Enter the maze

Back (page) and sides

a smartly-dressed young man holding a circuitboard in front of a stripey fashion background

We’ve told you about dresses, sweaters and even basketball uniforms, but what about the finishing touches? Once you’ve got your outfit together, is there nothing more that computer science can do for you? Of course not! Here are some ways computing can help you top off your look.

Hair it is

Your hairstyle helps to express your character and personality, but what if you want to try something radically different? Will that new cut suit you? There is software available that lets you try out new hairstyles in the safely of your own room. Once you upload a head shot, the software uses image processing techniques to allow you to see how you would look with a mullet or a mohawk. You can even try radical new colours. It’s your chance to find the style that’s best for you before letting anyone near you with a pair of scissors.
The look: virtually hair-raising.

Nail that picture

Some salons can put art at the tips of your fingers. Fingernail designs, pictures that you can have glued onto your nails to enhance their glam factor often have a bit of computer science behind them. The images are created by designers using computer assisted packages or automatically generated by artificial intelligence. Then they’re usually printed by computer on to special transfer sheets, which allow those stunning images to be attached to a well-manicured nail.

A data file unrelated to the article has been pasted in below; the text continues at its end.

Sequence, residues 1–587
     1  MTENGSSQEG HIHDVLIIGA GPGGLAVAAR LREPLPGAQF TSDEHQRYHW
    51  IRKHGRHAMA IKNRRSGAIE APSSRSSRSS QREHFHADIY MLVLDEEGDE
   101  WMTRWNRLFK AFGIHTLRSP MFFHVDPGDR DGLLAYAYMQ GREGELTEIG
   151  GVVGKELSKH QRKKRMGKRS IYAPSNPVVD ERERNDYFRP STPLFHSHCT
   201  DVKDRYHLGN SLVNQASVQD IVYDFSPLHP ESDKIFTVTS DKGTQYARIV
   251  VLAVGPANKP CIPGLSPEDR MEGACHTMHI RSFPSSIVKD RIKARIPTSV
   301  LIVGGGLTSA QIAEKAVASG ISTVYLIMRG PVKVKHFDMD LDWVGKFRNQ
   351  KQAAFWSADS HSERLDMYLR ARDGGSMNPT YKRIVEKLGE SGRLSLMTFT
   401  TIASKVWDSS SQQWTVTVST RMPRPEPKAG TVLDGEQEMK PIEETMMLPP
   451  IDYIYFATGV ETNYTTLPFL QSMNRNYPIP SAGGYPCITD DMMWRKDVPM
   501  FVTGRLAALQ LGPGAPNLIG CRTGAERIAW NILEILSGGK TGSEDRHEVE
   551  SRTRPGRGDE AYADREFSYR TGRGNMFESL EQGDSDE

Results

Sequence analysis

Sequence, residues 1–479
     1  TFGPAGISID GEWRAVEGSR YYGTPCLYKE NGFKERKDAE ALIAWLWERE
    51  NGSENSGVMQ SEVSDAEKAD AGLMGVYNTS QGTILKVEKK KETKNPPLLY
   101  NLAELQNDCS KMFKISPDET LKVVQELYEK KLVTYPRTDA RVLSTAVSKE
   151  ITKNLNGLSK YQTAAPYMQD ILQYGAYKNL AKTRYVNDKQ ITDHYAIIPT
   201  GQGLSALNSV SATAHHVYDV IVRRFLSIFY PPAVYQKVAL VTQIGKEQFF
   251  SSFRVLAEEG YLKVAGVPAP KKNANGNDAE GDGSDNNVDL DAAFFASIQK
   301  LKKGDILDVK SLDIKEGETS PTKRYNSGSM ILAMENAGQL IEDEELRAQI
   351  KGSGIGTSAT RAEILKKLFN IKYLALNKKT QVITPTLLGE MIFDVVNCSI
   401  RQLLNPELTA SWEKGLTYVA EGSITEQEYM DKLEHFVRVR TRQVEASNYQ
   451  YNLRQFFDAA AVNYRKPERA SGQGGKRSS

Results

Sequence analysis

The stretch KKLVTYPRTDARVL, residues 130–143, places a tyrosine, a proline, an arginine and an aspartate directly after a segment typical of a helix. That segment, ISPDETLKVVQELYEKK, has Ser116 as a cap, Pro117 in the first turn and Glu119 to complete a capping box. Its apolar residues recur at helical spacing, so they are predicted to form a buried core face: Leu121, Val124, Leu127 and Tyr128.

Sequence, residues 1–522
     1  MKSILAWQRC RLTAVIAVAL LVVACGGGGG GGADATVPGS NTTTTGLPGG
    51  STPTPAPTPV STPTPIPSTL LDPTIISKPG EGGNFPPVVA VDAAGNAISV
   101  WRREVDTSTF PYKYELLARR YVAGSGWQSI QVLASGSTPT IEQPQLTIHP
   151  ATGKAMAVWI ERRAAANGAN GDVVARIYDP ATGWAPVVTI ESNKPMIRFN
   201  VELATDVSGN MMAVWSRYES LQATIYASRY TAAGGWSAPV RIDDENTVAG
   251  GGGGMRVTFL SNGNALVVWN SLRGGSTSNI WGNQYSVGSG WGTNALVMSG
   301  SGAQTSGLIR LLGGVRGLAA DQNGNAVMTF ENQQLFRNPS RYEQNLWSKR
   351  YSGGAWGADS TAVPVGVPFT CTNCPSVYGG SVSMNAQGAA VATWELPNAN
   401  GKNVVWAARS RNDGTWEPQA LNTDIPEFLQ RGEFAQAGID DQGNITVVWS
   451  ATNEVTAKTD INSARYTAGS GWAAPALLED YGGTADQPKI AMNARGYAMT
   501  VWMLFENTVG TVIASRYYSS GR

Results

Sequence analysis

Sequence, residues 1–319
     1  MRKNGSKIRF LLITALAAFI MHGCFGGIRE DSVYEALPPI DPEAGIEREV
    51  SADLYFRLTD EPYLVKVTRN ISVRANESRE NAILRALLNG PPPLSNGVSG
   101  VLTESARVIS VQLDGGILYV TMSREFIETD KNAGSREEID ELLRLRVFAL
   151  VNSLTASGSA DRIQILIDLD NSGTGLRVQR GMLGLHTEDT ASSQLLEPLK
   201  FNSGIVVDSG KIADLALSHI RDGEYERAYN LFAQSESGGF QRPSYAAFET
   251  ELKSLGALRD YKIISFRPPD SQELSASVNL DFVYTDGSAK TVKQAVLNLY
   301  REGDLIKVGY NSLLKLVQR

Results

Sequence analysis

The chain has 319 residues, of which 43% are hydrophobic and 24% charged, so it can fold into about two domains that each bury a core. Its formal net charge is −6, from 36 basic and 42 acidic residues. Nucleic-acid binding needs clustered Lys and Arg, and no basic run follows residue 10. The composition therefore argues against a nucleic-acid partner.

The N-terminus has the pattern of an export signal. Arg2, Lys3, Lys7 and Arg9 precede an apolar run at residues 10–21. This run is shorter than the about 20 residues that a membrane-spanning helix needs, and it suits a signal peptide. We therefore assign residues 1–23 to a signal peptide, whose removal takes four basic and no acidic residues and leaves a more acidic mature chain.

The look: digital digits

Tattoo you?

Perhaps the ultimate fashion statement of personal expression, the tattoo has a long and distinguished history. Using a vibrating needle, ink is driven under the skin to create a permanent image on the body. Despite new methods using laser light to reduce the visibility of this buried deep skin pigment, a tattoo remains a pretty serous decision with no easy way back. So how would you tell a tattoo was really really you? Graphic artist Loic Zimmerman has developed a computer program to help answer this pointed question. By creating a digital avatar, an exact computer graphic copy of his body, he is able to see exactly how the inked designs will look before the needle starts its work. While tattoos aren’t everyone’s idea of fashion, at least this software lets you draw your own conclusions about how it will look.
The look: software with a needle-sharp point.

Your shoes look good and do you good too

Trainers owe some of their sleekness to computer-aided design, but now some manufacturers are developing running shoes with the space to include tiny computer sensors that will be able to measure how far you have run, and calculate the number of calories you’ve burned in doing so. But the sensors won’t keep this good news to themselves; they will be able to send this information wirelessly to your smartphone so you can keep a track as you run round the track, down the street or, if you’re late, through the school corridor.
The look: fast and futuristic.